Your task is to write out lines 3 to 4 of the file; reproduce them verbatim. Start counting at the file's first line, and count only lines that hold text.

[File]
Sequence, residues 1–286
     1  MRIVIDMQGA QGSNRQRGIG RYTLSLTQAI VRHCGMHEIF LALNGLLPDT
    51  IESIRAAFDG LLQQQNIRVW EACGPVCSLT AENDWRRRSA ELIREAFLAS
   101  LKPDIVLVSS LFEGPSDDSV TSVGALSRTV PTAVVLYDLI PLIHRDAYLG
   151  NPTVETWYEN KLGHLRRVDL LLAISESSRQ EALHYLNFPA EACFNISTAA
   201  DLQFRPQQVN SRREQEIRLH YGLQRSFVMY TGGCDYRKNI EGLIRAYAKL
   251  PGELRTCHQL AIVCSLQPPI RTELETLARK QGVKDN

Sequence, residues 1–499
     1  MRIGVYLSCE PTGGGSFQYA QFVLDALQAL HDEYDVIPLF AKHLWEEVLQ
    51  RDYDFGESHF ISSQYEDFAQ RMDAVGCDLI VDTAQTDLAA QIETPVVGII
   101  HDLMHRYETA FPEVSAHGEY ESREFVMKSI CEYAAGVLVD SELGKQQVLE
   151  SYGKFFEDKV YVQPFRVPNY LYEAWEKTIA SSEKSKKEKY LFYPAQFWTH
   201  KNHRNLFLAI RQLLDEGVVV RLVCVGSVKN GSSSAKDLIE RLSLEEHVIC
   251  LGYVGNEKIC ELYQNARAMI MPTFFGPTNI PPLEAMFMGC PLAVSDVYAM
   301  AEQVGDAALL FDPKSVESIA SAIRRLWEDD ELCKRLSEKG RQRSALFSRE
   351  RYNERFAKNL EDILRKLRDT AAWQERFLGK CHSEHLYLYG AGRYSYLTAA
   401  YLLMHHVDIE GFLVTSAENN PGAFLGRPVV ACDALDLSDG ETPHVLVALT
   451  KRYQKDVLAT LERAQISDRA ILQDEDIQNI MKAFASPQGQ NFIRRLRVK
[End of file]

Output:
    51  IESIRAAFDG LLQQQNIRVW EACGPVCSLT AENDWRRRSA ELIREAFLAS
   101  LKPDIVLVSS LFEGPSDDSV TSVGALSRTV PTAVVLYDLI PLIHRDAYLG